• Effectiveness of Logo 289

    periods on the computers to complete the activities from this unit. While theLogo group completed the introductory unit on the computers, students inthe NonLogo group did activities unrelated to the mathematics that was to becovered in the treatment.

    "... students were to discover theorems about whichdistinct regular star polygons exist . . ."

    After the introductory materials were completed, students in both groupsbegan the small group geometry activities. These activities either requiredstudents to apply their knowledge of geometry to draw geometric figures, orhad students draw figures (such as regular polygons, regular star polygons,and translation, rotation, and reflection images) and attempted to guide themto make some geometric discovery about the concepts they were exploring.During the first treatment period, students were asked to draw (either withthe turtle or with pencil, paper, ruler, protractor, and compass) such figuresas three concurrent line segments; parallel and perpendicular lines; obtuse,acute, right, and scalene triangles; and a parallelogram, rectangle, trapezoid,kite, rhombus, and pentagon. (The goal of this activity was to have studentsexplore the defining characteristics of these concepts.) In another activity,students were to draw first a square, then a regular pentagon, then a regularhexagon, and so on and, ultimately, were to discover the relationship betweenthe number of sides of a regular polygon and the measures of its vertex,central, and exterior angles. (The Logo group wrote procedures to draw thesefigures; the NonLogo group used compass, ruler, and protractor.) Anotheractivity had students using either tracing paper and protractor or Logoprocedures to determine the measures of the rotational symmetries of variousfigures. Students also constructed figures having given rotational andreflectional symmetries, and were introduced to the rule of 360. During thesecond treatment period, students were to discover theorems about whichdistinct regular star polygons exist by systematically constructing suchpolygons. They further investigated the rule of 360. And they investigated thetransformational concepts of translations, reflections, and rotations byutilizing tracing paper (NonLogo group) or Logo procedures that wouldtranslate, reflect, or rotate a given geometric figure. In particular, studentslearned how to do the following within the context of a rectangularcoordinate system: specify a translation, reflection, and rotation; find theimage and preimage of a given figure under a given transformation; andspecify, the translation, reflection, or rotation that mapped one figure ontoanother.During each treatment, the two halves of the class were in separate rooms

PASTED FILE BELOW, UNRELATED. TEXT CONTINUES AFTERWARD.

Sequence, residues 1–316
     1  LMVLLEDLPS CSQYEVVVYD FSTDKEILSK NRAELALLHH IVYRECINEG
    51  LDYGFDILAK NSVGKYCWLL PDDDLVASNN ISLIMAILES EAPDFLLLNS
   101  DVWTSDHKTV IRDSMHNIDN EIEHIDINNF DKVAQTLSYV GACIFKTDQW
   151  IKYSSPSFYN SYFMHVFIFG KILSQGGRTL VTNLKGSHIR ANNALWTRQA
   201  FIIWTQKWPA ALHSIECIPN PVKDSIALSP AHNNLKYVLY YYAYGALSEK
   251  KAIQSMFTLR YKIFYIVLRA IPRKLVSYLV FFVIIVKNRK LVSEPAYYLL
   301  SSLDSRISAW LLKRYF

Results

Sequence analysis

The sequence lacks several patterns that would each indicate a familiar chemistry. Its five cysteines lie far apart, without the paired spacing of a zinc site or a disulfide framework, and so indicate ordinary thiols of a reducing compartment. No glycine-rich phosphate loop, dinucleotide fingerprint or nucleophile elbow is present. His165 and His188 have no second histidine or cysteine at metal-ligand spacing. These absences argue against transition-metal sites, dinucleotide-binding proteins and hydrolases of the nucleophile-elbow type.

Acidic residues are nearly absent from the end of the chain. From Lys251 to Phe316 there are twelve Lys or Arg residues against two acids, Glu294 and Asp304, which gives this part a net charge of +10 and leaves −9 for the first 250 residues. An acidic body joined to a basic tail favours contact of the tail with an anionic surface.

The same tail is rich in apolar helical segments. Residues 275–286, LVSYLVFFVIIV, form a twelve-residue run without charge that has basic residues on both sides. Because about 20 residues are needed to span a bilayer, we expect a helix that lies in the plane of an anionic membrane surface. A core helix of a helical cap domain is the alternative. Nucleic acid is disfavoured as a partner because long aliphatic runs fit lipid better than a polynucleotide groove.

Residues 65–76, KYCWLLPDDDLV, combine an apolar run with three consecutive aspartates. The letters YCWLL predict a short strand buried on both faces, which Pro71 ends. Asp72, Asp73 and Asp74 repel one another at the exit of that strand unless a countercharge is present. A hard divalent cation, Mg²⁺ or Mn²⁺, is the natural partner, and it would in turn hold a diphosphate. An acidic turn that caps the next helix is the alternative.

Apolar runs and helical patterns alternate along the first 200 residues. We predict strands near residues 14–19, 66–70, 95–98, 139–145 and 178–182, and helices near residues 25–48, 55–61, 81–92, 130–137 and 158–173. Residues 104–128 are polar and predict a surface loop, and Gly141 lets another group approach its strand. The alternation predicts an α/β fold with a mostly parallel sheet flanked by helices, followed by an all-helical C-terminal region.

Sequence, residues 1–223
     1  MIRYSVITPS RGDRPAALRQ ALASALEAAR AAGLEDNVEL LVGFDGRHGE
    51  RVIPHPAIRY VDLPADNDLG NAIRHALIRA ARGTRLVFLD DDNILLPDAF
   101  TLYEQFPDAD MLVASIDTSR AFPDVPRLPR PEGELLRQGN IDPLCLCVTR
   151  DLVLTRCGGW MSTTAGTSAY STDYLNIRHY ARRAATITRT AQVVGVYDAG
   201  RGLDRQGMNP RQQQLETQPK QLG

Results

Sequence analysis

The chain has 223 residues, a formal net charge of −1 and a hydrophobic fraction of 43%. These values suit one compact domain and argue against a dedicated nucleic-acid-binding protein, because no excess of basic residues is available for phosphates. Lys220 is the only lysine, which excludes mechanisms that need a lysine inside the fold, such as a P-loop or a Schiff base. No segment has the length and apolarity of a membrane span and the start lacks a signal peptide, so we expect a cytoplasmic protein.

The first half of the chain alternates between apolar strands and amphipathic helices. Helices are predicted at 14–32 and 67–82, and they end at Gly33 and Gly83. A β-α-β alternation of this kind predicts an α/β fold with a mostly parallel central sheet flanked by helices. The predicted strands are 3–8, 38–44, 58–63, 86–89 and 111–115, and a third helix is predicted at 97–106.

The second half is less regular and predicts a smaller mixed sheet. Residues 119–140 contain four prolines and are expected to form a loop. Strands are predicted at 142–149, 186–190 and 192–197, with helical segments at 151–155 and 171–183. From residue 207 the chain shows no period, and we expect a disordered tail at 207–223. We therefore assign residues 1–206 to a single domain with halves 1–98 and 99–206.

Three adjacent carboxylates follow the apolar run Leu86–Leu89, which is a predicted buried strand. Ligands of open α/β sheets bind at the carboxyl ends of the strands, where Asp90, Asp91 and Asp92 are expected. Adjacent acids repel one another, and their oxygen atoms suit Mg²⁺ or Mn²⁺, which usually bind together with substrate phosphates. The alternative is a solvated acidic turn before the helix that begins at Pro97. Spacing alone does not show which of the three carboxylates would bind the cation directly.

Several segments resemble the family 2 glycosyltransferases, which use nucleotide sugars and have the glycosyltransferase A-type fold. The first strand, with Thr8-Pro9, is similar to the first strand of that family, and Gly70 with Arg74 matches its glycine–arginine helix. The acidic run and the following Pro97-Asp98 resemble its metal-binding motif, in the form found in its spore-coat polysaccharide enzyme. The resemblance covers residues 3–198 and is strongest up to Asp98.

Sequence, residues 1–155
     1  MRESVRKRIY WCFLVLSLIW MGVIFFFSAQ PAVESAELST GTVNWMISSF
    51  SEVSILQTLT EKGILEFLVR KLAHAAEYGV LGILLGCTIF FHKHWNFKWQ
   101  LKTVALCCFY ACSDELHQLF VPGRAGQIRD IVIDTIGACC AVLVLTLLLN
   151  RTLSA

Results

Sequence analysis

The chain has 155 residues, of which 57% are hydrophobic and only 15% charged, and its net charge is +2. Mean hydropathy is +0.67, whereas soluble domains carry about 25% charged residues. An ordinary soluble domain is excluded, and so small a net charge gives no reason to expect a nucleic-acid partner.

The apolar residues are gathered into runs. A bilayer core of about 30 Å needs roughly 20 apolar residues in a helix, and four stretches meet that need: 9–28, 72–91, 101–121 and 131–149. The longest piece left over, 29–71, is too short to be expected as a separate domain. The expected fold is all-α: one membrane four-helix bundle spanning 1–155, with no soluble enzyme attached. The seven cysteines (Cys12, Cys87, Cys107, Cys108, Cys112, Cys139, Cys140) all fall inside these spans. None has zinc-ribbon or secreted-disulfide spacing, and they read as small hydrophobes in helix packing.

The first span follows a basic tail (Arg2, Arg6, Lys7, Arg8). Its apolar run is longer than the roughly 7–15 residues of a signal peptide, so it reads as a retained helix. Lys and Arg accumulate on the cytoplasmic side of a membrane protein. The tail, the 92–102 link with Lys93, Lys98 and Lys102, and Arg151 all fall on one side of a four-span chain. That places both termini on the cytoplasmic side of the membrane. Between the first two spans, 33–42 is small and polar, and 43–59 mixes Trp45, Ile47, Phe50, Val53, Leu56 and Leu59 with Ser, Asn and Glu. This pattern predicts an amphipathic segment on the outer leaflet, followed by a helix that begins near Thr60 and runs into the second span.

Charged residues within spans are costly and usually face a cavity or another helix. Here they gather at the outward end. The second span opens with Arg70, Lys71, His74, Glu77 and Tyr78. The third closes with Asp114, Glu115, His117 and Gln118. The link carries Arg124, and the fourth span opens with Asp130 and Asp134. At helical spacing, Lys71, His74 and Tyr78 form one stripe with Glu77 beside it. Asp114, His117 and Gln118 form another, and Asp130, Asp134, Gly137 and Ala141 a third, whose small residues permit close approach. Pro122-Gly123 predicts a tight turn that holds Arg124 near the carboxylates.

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    and the instructor circulated about both rooms. Every day each student wasgiven an activity sheet or booklet in which the activities for the day weredescribed in great detail. The activity sheets for the two groups were identicalexcept that when the NonLogo group was directed to do something withcompass, ruler, protractor, and paper and pencil, the Logo group wasdirected to do the activity with the Logo turtle. Each treatment during thefall semester lasted seven 50-minute class periods (three days per week); eachtreatment during the spring semester was slightly extended and lasted nineclass periods.At the end of each treatment period, a paper and pencil tes